Northwestern’s Te Paske Gallery is located in the Thea G. Korver Visual Arts Center, on Highway 10 at 214 8th Street SW in Orange City. Gallery hours are 8 a.m. to midnight Monday through Saturday and 1 p.m. to midnight Sunday.
by Anita Cirulis
Once in a while I am reminded that I am a bit of an anomaly among my fellow artists in that I love writing and presenting papers at conferences. I certainly don't have the empty space in my calendar to take papers on, but I do anyway. They are another form of creative challenge to me.
I've just completed a proposal for a conference at Dordt College in Sioux Center, Iowa called, The Christian Evasion of Popular Culture. The deadline is May 1st so if you are interested, you better get going.
Also, this morning I received an email from the Transposition blog about a conference at Trinity Western University in Langely BC on Art and Ethics. The deadline for this one is June 15th so you've got a little more time with that one.
Happy Easter Monday. This past weekend my wife and I trekked down to see my family in NW Iowa. On Friday we had the priviledge of meeting up with my undergraduate printmaking professor from Northwester College, John Kaericher and his wife.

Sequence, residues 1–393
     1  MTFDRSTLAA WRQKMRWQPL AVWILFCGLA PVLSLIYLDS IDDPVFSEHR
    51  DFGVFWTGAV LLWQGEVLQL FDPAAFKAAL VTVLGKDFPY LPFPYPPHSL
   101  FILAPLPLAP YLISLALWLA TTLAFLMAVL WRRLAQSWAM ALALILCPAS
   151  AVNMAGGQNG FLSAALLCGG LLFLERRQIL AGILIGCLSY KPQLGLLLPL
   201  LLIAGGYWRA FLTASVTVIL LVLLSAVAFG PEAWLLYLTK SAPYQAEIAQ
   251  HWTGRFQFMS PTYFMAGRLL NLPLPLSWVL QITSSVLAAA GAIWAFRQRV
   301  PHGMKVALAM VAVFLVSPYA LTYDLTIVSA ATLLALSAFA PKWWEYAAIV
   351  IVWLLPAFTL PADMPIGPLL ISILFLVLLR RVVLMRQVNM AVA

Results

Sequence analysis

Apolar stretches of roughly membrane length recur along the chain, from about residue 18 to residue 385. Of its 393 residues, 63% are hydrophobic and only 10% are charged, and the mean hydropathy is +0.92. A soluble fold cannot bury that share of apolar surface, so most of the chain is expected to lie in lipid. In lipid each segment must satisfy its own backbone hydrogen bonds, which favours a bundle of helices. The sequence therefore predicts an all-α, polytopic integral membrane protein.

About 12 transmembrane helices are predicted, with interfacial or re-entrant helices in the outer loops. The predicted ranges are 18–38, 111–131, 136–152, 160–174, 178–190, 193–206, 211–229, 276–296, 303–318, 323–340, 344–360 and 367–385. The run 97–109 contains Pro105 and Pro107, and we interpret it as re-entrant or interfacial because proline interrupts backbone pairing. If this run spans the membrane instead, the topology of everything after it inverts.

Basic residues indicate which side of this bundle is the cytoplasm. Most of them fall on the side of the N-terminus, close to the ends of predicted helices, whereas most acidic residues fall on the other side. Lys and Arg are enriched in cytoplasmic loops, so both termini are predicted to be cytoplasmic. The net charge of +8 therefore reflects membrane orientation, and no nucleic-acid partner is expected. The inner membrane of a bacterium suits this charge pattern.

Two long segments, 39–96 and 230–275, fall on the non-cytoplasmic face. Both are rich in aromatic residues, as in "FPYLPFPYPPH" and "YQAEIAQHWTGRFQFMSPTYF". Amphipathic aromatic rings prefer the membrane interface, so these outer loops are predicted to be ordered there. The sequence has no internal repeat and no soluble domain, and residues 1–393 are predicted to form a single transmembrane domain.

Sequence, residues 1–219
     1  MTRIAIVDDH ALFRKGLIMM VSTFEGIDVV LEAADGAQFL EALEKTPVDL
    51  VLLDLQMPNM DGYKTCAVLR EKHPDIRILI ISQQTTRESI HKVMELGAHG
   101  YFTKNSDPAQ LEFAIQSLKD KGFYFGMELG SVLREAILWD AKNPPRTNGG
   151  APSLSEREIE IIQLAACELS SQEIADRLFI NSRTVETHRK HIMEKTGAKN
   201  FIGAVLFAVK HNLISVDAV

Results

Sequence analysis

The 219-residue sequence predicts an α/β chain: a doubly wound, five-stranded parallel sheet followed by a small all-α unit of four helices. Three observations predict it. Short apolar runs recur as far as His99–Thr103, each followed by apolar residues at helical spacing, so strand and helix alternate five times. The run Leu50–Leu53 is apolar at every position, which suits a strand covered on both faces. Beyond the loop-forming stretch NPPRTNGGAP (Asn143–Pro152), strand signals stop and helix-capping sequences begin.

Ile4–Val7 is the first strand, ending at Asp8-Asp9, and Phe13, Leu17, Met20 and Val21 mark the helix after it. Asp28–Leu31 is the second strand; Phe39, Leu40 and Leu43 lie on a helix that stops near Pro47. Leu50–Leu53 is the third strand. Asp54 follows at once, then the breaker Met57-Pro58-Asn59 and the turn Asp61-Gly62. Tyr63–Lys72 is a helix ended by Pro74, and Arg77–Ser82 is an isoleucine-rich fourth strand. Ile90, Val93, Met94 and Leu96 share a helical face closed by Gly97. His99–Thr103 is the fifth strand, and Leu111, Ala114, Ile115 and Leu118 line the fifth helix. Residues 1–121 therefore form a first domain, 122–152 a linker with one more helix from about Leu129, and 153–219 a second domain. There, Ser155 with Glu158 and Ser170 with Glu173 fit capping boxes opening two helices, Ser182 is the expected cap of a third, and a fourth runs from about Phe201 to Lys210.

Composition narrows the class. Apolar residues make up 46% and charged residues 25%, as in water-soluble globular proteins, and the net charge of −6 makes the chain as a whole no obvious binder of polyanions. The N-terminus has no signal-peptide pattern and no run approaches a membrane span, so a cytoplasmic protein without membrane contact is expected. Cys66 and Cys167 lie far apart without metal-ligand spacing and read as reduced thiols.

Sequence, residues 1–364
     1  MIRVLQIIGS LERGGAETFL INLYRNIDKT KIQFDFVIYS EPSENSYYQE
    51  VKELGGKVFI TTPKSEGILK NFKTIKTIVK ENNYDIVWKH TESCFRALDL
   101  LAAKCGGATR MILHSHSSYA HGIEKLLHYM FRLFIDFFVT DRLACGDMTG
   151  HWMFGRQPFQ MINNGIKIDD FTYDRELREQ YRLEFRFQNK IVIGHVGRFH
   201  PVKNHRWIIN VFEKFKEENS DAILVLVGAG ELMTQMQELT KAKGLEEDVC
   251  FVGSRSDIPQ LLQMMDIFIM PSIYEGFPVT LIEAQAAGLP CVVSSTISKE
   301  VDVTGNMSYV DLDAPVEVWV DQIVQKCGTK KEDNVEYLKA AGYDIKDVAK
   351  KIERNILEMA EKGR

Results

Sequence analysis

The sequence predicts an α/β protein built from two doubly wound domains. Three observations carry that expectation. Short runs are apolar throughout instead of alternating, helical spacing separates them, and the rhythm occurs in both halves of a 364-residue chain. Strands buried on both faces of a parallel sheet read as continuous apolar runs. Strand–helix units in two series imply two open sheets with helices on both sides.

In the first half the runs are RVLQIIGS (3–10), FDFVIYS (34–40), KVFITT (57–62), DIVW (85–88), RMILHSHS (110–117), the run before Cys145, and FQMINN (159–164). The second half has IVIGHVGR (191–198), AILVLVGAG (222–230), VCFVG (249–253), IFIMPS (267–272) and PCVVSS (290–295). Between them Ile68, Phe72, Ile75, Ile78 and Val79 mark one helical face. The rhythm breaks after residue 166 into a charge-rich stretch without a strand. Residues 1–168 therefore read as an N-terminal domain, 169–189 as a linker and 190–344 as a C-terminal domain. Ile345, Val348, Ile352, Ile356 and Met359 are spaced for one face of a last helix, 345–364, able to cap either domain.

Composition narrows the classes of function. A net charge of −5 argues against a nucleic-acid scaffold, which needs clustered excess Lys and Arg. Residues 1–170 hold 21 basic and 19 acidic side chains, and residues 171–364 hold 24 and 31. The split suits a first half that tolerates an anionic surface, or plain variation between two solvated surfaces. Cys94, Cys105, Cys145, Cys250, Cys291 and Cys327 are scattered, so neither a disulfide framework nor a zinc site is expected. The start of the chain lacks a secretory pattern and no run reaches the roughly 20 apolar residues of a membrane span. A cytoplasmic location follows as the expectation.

We also had the opportunity on Saturday afternoon hit a few of the antique shops around the Spirit Lake, IA region and I picked up two little photographs.
They are not all that unique or rare, but both made me chuckle. Both do display a few typical motifs, if you want to call them that. In the first image, a partially seen mother holds the child head upright. Often in pictures of children at such a young age you may find an arm or emerging from the side to help balance the wobbly child or even see the form of the mother having been draped with a cloth in the background. This one however makes no attempt to disguise the mother's presence. In the other image, a child contemplates another photograph...a motif I've mentioned before here. I doubt that this image is a mourning photograph, but it does make for an adorable image of the little girl in what looks like a velvet dress.